Turning again to FIGS. 1, 2 and 4, when the closure unit 13 is placed on the container neck 11 and rotated in a clockwise direction, as viewed from the top, the lugs 32 on the arms 30 will ride along the spiral first camming surface on the flanges 14 and the arms 30 will be deflected outwardly. When the closure unit 13 is rotated completely to the locked position, the lugs 32 move past the flanges 14 and the resilient arms 30 return inwardly to their normal position. In the locked position, the lugs 24 on the outer closure member 19 abut the stop 18 on the neck 11 to prevent further rotation of the closure unit 13 and the lugs 32 on the arms 30 abut the inwardly directed flange ends 17 to prevent a reverse rotation of the closure unit 13. To open the container 10, pressure must be applied to the upper surface 27 of the inner closure unit to move the lugs 32 on the arms below the flanges 14. While such pressure is applied to the surface 27, the closure unit 13 is rotated in the reverse direction until the lugs 24 are clear of the second camming surface 16, permitting the closure unit 13 to be lifted from the neck 11 for opening the container 10.

In some situations, a liquid or a very fine particulate material is stored within the container 10. In such cases, it is desirable to maintain a force between the closure unit 13 and the container neck 11 so that the gasket 26 forms a positive seal against the upper edge 25 of the container neck 11. A modified container 40 which will cooperate with the closure 13 for exerting such a force is shown in FIGS. 7 and 8. In the modified embodiment, the container 40 is provided with a neck 41 surrounding a container opening 42. A plurality of flanges 43 are provided to extend substantially continuously around the neck 41. Each of the flanges 43 has a spirally expanding outer surface 44 which forms a first camming surface and a generally helical lower surface 45 which forms a second camming surface. As in the above-described embodiment, the lugs 24 on the closure unit 13 engage the second camming surface 45 for tightening the closure unit 13 against an upper edge 46 of the container neck 41. When the closure unit 13 is rotated on the container neck 41 to a lockedposi tion, the lugs 32 move past an inwardly directed end 47 on each of the flanges 43. The lugs 32 abut against the ends 47 to prevent removal of the closure unit 13. An upper surface 48 on each of the lugs 32 also contacts a downwardly facing surface 49 on the flanges 43. Both of the surfaces 48 and 49 are roughened or serrated to prevent slippage therebetween. Further rotation of the closure unit 13 after it is in the closed position causes the lugs 24 to ride further along the second camming surface 45, thereby tightening the closure unit 13 on the container 40. The flange surface 49 is preferably slightly angled to pull the inner closure member 20 downwardly into the upper cavity 23 when the closure unit 13 is tightened, deflecting the resilient tabs 29 by a small amount. The resilient tabs 29 exert a force through the arms 30 for applying a compressional sealing force on the gasket 26.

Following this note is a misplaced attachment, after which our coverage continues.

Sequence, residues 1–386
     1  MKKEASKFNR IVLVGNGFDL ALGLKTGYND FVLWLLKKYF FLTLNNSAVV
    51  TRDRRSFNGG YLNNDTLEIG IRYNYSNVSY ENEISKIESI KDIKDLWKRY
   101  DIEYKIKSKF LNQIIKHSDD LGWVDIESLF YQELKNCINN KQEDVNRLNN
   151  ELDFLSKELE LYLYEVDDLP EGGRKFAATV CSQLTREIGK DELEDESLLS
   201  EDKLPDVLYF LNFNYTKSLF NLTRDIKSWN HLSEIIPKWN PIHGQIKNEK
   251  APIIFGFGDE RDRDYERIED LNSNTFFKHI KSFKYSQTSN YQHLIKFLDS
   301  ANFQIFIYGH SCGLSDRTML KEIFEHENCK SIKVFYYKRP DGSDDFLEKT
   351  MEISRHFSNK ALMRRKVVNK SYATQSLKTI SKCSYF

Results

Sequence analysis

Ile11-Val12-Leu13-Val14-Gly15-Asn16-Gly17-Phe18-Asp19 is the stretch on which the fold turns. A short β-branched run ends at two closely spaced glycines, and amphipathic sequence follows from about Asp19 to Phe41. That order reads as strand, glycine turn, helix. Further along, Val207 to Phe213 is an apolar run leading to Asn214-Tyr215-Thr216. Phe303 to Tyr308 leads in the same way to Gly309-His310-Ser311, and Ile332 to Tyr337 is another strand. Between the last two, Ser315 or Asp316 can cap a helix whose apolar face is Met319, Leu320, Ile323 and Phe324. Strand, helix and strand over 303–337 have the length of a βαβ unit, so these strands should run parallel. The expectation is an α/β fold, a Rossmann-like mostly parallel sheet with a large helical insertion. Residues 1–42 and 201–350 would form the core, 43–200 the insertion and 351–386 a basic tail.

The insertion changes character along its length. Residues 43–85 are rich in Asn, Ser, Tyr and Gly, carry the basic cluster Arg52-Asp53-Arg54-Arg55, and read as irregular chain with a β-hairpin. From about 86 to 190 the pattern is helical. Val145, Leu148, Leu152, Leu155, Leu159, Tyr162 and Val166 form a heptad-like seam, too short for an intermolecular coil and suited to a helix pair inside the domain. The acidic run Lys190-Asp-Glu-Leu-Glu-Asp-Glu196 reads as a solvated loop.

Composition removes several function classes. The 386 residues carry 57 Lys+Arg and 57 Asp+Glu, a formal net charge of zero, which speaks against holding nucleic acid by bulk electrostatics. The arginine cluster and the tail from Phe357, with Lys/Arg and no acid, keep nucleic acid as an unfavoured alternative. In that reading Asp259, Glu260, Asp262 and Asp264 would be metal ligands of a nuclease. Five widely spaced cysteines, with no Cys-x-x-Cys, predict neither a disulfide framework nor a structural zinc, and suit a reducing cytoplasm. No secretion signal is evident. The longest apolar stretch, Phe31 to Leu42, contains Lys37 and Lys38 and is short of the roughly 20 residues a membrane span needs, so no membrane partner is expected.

It will be appreciated that various changes and modifications may be made in the above-described childproof container and closure without departing from the spirit and the scope of the claimed invention.

What I claim is:

1. A child-proof container and closure unit comprising, in combination, a container including a body having a neck defining a container opening, at least two flanges projecting from said neck, said flanges each having a spirally expanding outer edge defining a first camming surface, a helical lower edge defining a second camming surface and an inwardly directed end extending between said first and second camming surfaces and said neck, and a closure unit comprising inner and outer members, said outer member having a generally tubular shape and an internal cross-web defining an upper cavity adapted to receive said inner member and a lower cavity adapted to receive said bottle neck, means retaining said inner member in said upper cavity for axial movement between first and second positions, biasing means for urging said inner member to said first position, said inner member having at least two resilient arms which project through openings in said cross-web for receiving said bottle neck and said flanges therebetween, said arms having first lugs for engaging said first camming surfaces when said inner member is in said first position for deflecting said resilient arms outwardly as said closure unit is rotated on said bottle neck toward a locked position, each of said resilient arms moving past said flange end and having inwardly as said closure unit is rotated on said bottle neck to the locked position whereby said first lugs abut said flangeends to prevent rotation of said closure unit in an opposite direction, said first lugson said arms being moved below said flanges when said inner member is moved to said second position, and at least two second lugs on said outer member projecting inwardly into said lower cavity, said second lugs being positioned to receive said container neck therebetween and to engage said second camming surfaces when said closure unit is rotated on said container neck to the locked position for camming said closure unit to a position closing the container opening, whereby said closure unit can be rotated from the locked position for removal from said container neck only when said inner member is in said second position.